Main Thai commercial banks have branches throughout the country. Foreign banks also offer commercial banking services.
Opening bank accounts
In opening an account with a Thai bank, a foreigner has to show his/her passport, coupled with work permit and a duplication of the house registration document belonging to the place he/she lives at.
To open an account in the name of a legal person, the owner of the organization has to show his/her passport, the business registration and the minutes.
Most banks in Thailand have a nationwide network of ATM machines that dispense Thai baht only. The teller machines usually have Thai and English language displays.
Cards of other banks are accepted, but at a fee of 20 baht (USD0.50) per transaction. Foreign cards that are recognized by global banking systems may also be used with Thai ATMs while VISA and MasterCard are compatible with many.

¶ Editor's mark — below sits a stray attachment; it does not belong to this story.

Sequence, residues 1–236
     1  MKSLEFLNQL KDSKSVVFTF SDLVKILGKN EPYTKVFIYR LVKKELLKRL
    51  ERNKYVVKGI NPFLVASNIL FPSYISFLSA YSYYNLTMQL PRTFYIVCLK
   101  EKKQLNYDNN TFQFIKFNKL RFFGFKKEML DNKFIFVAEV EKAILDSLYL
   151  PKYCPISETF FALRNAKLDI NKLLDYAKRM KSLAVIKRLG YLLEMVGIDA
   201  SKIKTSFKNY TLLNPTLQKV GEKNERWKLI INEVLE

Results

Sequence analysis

Cash and travelers’ checks can be exchanged for Thai Baht at banks, legal money exchangers, exchange kiosks in tourist area and shopping centers, and hotels. US dollars and pound sterling are the most widely accepted currencies. Travelers’ checks get better rates than cash. Remember to bring along your passport when cashing travelers’ checks.
Wire transfers can be made to Thai banks if you have a bank account in Thailand or if your home bank has a branch in Thailand. Wire transfers take up to a week to arrive.
In making a wire transfer to a Thai bank account, the amount of money that can be processed is limited to the maximum of one million baht (USD29,400). The money receiver is charged 200-500 baht (USD6-15).
Western Union is also available in Thailand. It makes the fastest way get money transferred but is also quite expensive.